How #MeToo undermines sexual morality

imagesOne of the defining aspects of the #MeToo movement has been the refusal to make a distinction between acts of different nature, intent, or gravity.

Everything is placed in the same category of ‘harassment’, including come-ons, chat-ups, even acts of tenderness, and acts of violation or violence.

When Matt Damon said that ‘there’s a difference between patting someone on the butt and rape or child molestation’, he sparked a twitter storm:

‘It’s the micro that makes the macro.’

‘How about: it’s all f****** wrong and it’s all bad, and until you start seeing it under one umbrella it’s not your job to compartmentalise or judge what is worse and what is not’

The attempt to distinguish between degrees of severity, or differences of intent, is considered to be offensive. There is an ethical imperative to think of varied events as being substantially ‘the same’, requiring the same words, the same response, the same punishment.

Yet there cannot be a sexual morality, or a legal judgement, unless we make distinctions. Relations cannot be guided, checked, punished, approved or disapproved, unless we weigh the gravity of acts, and judge the intent of those who carried them out.

After all, precise distinctions are at the very basis of legal codes, and the means by which offenses can be defined and prosecuted. Primitive law had only very vague notions of crime, and punishment was ‘fitful, governed by chance and personal passion’ (1).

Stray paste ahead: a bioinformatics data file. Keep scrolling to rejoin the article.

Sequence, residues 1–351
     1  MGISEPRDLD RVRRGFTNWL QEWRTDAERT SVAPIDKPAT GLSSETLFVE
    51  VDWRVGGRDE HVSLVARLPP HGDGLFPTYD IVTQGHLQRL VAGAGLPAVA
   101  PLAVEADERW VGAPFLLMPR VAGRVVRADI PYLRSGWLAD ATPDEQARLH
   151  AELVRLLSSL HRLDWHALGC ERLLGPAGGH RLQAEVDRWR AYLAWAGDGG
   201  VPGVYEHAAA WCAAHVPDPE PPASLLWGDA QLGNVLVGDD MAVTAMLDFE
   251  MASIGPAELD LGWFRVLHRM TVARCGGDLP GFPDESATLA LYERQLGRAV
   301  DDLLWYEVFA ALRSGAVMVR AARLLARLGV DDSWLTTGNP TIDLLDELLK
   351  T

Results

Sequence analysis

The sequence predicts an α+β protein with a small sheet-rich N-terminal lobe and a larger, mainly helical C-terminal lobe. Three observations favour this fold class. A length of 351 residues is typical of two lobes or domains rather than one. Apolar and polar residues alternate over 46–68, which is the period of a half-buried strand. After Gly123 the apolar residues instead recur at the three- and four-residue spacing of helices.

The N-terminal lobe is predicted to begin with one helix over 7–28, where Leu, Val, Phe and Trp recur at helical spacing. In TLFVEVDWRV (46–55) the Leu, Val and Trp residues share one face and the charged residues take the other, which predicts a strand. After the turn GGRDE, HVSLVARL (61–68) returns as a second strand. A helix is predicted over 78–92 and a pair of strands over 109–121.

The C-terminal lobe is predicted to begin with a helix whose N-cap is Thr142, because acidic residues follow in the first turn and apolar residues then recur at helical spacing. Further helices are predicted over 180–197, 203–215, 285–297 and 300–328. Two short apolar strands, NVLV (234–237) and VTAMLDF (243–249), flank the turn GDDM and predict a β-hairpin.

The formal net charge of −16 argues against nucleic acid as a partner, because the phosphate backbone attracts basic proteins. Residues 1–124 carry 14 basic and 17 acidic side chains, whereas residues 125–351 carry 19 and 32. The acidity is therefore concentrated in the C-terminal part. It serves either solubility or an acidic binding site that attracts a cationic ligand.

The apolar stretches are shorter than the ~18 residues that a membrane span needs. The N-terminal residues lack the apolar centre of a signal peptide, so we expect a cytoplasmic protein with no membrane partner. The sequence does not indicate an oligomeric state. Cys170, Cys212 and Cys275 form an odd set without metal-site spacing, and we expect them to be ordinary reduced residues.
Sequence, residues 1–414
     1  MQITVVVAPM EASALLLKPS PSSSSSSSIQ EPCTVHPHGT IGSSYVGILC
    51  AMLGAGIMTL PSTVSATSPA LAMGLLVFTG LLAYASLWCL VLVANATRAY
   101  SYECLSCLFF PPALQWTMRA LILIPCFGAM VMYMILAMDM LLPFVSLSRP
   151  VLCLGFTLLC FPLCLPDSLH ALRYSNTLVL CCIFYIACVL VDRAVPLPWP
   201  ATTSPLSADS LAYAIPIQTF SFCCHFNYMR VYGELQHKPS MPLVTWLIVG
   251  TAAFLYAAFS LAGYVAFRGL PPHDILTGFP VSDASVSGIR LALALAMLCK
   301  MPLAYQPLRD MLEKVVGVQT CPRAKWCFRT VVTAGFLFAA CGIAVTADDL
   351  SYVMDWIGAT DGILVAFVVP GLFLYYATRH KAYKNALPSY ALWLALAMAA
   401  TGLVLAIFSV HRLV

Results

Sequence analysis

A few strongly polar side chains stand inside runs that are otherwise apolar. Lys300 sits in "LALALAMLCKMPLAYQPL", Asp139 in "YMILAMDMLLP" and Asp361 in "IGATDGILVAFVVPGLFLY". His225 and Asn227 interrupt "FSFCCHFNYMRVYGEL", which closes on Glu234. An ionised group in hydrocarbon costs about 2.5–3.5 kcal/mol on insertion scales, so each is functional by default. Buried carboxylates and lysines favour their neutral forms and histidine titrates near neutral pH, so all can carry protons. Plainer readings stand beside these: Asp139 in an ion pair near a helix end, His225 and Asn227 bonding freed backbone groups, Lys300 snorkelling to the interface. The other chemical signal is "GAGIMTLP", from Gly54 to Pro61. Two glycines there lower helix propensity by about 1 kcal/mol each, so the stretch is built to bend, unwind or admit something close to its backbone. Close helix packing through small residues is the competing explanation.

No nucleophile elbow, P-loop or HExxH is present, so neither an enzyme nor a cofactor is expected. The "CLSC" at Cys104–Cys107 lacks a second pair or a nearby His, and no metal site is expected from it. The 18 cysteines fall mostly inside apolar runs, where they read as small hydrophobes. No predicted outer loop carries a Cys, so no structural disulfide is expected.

The first criminal codes (at the time of the city states in ancient Mesopotamia) laid out for the first time what, precisely, should be considered a criminal act, and what should be the punishment.

Ancient legal codes calibrated degree, the grades of severity of an offence. If someone had been hit on the head, for example, ancient Germanic codes gave different punishments according to whether there was no blood, blood ‘falls to the floor’, or if the brain appears (2).

There is a difference between a strike that produces no blood and blood that falls to the floor. The wound is different, and so is the crime, the degree of violation committed. Criminal law is built on this objectivity – this standing aside from the act, and asking does the blood fall to the floor or does the brain appear.

Later criminal codes established the grades of intent, making distinctions between: a pure accident, an intentional violent act, an act done in self-defence, and an accident that should have been foreseeable and was therefore negligent.